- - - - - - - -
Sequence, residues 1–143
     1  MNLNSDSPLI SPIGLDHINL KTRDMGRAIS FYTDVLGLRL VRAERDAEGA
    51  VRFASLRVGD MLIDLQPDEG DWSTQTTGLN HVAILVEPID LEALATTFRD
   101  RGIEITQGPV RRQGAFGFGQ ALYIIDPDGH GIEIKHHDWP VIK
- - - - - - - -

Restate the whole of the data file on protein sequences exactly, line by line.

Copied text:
Sequence, residues 1–143
     1  MNLNSDSPLI SPIGLDHINL KTRDMGRAIS FYTDVLGLRL VRAERDAEGA
    51  VRFASLRVGD MLIDLQPDEG DWSTQTTGLN HVAILVEPID LEALATTFRD
   101  RGIEITQGPV RRQGAFGFGQ ALYIIDPDGH GIEIKHHDWP VIK